edit on 7-2-2014 by JayinAR because: (no reason given)



posted on Feb, 7 2014 @ 05:17 PM
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overanocean
reply to post by kaylaluv
 


That a broad stereotype.
Do you know that the people you are describing in such an insidious way were struggling european immigrants from Scottish decent that single handedly fought off the Redcoats when others had failed.
You must have had a bad expeirence with someone from the maby the hills of Appalachia or West Va.
I usually find that people with such demonsterous statements such as yours, say these things thru fears and haven't taken the time to get to know the people they slander .



It's all good - I know that not all blacks eat watermelon, and not all hillbillies eat roadkill. Just making a point.



posted on Feb, 7 2014 @ 08:19 PM
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reply to post by gladtobehere
 


Asian and Pacific Islander Month always have Asian foods and noone is calling it racist...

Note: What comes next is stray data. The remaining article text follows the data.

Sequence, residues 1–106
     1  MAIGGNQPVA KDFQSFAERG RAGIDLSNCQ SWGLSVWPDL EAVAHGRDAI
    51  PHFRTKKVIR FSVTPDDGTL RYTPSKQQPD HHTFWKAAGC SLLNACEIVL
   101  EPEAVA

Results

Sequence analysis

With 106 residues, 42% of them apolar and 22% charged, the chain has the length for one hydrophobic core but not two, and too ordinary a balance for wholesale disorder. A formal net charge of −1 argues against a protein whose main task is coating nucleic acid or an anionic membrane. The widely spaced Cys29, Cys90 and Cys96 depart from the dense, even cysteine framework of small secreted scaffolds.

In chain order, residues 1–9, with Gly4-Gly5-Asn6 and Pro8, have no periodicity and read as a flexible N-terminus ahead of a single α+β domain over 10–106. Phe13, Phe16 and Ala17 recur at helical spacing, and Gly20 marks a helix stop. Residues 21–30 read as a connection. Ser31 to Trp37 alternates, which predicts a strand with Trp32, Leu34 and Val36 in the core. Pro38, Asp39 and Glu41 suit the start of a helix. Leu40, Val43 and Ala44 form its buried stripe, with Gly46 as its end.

Also didn't know that only a certain race can eat certain foods..

People need to grow up sometimes and just have fun.



posted on Feb, 7 2014 @ 08:26 PM
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off-topic post removed to prevent thread-drift


 



posted on Feb, 7 2014 @ 08:28 PM
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What I am bothered about is WHY is there a Black history month?

What is the purpose?

Why do they get their own month?

IS it guilt?

Does every ethnic origin have their own month?

I bet white people don't get a full month of celebration? Do they?


I sure as hell do not celebrate it!!!



posted on Feb, 7 2014 @ 08:33 PM